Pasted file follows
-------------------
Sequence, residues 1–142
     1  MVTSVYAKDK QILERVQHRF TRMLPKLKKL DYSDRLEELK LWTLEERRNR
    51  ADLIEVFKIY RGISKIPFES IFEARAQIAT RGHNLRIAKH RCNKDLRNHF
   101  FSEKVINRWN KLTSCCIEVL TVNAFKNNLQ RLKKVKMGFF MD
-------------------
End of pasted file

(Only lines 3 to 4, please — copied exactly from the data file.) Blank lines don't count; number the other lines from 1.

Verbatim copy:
    51  ADLIEVFKIY RGISKIPFES IFEARAQIAT RGHNLRIAKH RCNKDLRNHF
   101  FSEKVINRWN KLTSCCIEVL TVNAFKNNLQ RLKKVKMGFF MD